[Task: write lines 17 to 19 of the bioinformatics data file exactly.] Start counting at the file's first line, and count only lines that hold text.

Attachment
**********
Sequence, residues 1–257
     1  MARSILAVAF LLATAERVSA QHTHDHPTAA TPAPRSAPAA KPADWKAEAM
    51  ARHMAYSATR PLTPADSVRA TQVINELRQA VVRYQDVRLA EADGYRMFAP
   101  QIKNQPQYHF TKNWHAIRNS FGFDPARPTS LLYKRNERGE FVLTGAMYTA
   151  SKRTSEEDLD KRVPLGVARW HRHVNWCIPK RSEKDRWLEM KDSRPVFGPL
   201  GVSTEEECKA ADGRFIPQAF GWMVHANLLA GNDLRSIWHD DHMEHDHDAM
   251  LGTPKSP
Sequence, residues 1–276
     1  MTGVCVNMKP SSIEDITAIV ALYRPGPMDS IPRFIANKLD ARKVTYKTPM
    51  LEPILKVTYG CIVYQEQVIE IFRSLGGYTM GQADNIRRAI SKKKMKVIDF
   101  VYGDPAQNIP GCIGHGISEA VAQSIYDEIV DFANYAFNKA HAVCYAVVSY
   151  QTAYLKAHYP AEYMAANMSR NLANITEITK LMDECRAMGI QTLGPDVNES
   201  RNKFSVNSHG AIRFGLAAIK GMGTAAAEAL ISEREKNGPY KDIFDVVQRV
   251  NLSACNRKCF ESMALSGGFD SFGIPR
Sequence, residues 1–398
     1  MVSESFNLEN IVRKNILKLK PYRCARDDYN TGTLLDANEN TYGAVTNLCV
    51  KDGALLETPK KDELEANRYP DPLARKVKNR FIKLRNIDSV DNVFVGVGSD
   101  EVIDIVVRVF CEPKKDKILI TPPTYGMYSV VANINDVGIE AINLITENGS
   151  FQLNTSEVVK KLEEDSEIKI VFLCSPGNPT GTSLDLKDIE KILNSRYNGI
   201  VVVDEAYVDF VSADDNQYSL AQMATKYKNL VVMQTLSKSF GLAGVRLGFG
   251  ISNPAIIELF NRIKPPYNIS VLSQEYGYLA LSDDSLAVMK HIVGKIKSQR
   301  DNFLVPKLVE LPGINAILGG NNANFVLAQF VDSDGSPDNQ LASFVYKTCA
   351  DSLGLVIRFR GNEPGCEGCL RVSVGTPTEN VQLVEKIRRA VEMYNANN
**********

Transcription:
    51  KDGALLETPK KDELEANRYP DPLARKVKNR FIKLRNIDSV DNVFVGVGSD
   101  EVIDIVVRVF CEPKKDKILI TPPTYGMYSV VANINDVGIE AINLITENGS
   151  FQLNTSEVVK KLEEDSEIKI VFLCSPGNPT GTSLDLKDIE KILNSRYNGI